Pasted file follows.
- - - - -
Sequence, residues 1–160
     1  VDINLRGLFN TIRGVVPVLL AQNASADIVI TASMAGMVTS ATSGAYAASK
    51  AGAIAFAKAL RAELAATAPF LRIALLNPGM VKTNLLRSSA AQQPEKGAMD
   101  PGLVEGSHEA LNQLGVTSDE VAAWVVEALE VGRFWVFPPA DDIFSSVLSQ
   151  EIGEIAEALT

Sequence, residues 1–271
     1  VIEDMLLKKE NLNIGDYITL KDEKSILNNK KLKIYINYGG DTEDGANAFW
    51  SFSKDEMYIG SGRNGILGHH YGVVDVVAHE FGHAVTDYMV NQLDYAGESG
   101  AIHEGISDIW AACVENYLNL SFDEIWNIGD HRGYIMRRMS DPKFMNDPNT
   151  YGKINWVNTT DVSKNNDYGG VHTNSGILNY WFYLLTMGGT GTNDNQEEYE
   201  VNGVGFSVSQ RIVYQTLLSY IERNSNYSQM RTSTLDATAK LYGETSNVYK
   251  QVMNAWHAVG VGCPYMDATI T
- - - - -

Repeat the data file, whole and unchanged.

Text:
Sequence, residues 1–160
     1  VDINLRGLFN TIRGVVPVLL AQNASADIVI TASMAGMVTS ATSGAYAASK
    51  AGAIAFAKAL RAELAATAPF LRIALLNPGM VKTNLLRSSA AQQPEKGAMD
   101  PGLVEGSHEA LNQLGVTSDE VAAWVVEALE VGRFWVFPPA DDIFSSVLSQ
   151  EIGEIAEALT

Sequence, residues 1–271
     1  VIEDMLLKKE NLNIGDYITL KDEKSILNNK KLKIYINYGG DTEDGANAFW
    51  SFSKDEMYIG SGRNGILGHH YGVVDVVAHE FGHAVTDYMV NQLDYAGESG
   101  AIHEGISDIW AACVENYLNL SFDEIWNIGD HRGYIMRRMS DPKFMNDPNT
   151  YGKINWVNTT DVSKNNDYGG VHTNSGILNY WFYLLTMGGT GTNDNQEEYE
   201  VNGVGFSVSQ RIVYQTLLSY IERNSNYSQM RTSTLDATAK LYGETSNVYK
   251  QVMNAWHAVG VGCPYMDATI T